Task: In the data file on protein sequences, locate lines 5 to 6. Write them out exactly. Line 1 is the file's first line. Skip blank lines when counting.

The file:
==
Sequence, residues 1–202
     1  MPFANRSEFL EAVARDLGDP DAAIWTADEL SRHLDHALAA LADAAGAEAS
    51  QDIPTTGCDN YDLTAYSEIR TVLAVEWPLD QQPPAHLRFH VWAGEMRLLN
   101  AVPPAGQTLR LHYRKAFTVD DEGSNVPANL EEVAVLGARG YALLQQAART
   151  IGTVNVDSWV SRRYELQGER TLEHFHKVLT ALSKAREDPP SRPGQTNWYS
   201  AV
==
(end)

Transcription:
   151  IGTVNVDSWV SRRYELQGER TLEHFHKVLT ALSKAREDPP SRPGQTNWYS
   201  AV